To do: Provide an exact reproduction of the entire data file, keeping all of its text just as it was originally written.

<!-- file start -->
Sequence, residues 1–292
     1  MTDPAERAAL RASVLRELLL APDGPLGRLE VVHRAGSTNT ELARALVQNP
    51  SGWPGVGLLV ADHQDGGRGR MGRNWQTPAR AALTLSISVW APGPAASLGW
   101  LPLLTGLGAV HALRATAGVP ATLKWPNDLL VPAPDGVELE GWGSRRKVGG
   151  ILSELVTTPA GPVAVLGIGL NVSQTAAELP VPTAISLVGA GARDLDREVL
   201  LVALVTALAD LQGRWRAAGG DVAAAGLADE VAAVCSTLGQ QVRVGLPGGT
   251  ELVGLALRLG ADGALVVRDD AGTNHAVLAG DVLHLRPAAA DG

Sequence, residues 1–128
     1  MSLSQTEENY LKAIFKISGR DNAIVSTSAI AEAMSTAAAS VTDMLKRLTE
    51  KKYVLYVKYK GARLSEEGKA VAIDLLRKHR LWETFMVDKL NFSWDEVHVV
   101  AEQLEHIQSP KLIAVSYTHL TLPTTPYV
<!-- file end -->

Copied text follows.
Sequence, residues 1–292
     1  MTDPAERAAL RASVLRELLL APDGPLGRLE VVHRAGSTNT ELARALVQNP
    51  SGWPGVGLLV ADHQDGGRGR MGRNWQTPAR AALTLSISVW APGPAASLGW
   101  LPLLTGLGAV HALRATAGVP ATLKWPNDLL VPAPDGVELE GWGSRRKVGG
   151  ILSELVTTPA GPVAVLGIGL NVSQTAAELP VPTAISLVGA GARDLDREVL
   201  LVALVTALAD LQGRWRAAGG DVAAAGLADE VAAVCSTLGQ QVRVGLPGGT
   251  ELVGLALRLG ADGALVVRDD AGTNHAVLAG DVLHLRPAAA DG

Sequence, residues 1–128
     1  MSLSQTEENY LKAIFKISGR DNAIVSTSAI AEAMSTAAAS VTDMLKRLTE
    51  KKYVLYVKYK GARLSEEGKA VAIDLLRKHR LWETFMVDKL NFSWDEVHVV
   101  AEQLEHIQSP KLIAVSYTHL TLPTTPYV